As Leymah Gbowee stood in front of a crowd of women at her church in Monrovia, praying for an end to the civil war that was raging in Liberia, she had no idea of the consequences that were about to unfold. A specialist in healing from trauma, Gbowee and her allies had spent months visiting mosques, markets and churches in order to mobilize a nascent peace movement. By the late summer of 2002, she had become recognized as the leader of Women of Liberia Mass Action for Peace, which held daily non-violent demonstrations and sit-ins in defiance of orders from Charles Taylor, the Liberian President at the time. Eighteen months later, in August 2003, the war was brought to an end. Gbowee’s efforts, along with those of newly-elected President Ellen Johnson Sirleaf, were recognized by the award of the 2011 Nobel Peace Prize.
Working inside a traditional nonprofit NGO is filled with contractions for anarchists and others who want a non-hierarchical system. What to do about it? “I think there’s an alternative. I call it ‘constructive subversion.’ It lies in our ability to ‘hack’ these hierarchical reformist organisations we spend our days in, weaving networks of subversion to undermine the bureaucracy, and ‘prefiguring’ radical pockets (creating microcosms of wider change) within and around the existing structures. In other words, we bring our wider politics into our workplaces and create spaces and relationships that can operate beyond organisational control. . . What I do believe – and have seen and experienced – is that pockets of autonomy can be carved out of hierarchy, and that more radical work can be done in those spaces, once liberated.”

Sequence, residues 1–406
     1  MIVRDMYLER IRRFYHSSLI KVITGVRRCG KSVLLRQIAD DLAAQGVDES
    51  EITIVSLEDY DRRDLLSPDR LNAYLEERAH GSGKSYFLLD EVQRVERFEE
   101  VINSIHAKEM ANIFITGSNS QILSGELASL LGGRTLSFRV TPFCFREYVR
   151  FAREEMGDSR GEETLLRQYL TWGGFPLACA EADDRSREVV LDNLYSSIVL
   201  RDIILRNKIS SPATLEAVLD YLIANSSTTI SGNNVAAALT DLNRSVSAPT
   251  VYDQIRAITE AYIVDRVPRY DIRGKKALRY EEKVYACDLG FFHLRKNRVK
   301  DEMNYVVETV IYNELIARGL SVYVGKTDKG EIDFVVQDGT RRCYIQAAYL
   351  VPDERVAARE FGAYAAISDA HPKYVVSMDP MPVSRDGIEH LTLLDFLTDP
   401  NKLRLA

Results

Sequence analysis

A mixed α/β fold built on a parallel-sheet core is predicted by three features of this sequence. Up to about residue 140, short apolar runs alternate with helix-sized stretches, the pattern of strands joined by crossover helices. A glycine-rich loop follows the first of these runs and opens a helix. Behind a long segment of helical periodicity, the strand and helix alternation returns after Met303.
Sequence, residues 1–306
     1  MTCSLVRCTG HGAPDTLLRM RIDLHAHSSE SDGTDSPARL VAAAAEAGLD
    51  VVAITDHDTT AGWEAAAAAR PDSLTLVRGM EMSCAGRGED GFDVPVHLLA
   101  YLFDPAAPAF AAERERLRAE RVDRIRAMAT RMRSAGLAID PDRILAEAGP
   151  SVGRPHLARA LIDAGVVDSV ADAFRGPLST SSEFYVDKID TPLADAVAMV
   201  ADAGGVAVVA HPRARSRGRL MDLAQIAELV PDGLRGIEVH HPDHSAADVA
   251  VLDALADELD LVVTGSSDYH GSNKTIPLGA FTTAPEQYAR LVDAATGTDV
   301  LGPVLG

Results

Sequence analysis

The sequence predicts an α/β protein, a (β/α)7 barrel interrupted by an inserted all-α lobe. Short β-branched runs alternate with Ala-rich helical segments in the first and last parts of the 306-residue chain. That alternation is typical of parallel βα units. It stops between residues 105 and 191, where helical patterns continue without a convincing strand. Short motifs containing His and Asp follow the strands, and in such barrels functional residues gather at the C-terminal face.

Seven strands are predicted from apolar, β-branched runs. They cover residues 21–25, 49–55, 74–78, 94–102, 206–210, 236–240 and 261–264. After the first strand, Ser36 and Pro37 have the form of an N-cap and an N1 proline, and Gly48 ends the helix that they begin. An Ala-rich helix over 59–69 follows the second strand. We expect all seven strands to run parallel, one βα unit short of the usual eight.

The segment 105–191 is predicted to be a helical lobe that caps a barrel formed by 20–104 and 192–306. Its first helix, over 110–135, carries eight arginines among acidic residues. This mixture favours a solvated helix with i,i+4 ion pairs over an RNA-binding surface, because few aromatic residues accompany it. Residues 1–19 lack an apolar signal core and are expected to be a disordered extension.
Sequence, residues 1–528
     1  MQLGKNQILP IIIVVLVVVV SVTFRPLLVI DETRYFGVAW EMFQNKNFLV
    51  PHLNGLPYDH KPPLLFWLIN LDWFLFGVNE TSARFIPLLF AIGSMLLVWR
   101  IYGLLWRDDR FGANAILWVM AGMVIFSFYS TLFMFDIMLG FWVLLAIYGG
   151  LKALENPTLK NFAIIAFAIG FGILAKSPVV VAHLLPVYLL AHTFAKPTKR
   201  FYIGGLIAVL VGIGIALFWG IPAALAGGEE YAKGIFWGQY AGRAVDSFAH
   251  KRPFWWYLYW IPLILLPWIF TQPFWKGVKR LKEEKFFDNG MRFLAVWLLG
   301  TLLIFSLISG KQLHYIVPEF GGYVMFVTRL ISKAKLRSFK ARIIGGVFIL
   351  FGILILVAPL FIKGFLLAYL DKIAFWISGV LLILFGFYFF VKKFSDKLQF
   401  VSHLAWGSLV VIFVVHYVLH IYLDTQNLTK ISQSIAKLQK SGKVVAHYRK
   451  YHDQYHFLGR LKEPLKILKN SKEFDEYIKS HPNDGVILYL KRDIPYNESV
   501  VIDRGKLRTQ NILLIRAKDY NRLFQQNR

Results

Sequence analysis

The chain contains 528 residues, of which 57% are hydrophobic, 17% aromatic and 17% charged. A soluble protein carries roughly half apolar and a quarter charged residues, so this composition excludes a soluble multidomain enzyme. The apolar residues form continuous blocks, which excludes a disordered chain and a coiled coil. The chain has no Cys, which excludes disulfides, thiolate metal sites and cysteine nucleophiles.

When I spoke to some of the key organizers behind California’s Right to Know Campaign, they said that their initial “polling showed” that voters do not respond well to “negative” ads. And that talking about health concerns like widely shared consumer worries that genetically modified food might increase the likelihood of cancer, allergies and other illnesses, was negative. Which was why they refused to allow onto the video section of the Yes on Prop 37 website a single one of the hundreds of ‘person on the street’ videos that our volunteer KnowGMO.org effort had collected in California. Most consumers told us that they wanted to label and avoid GM food because of health concerns.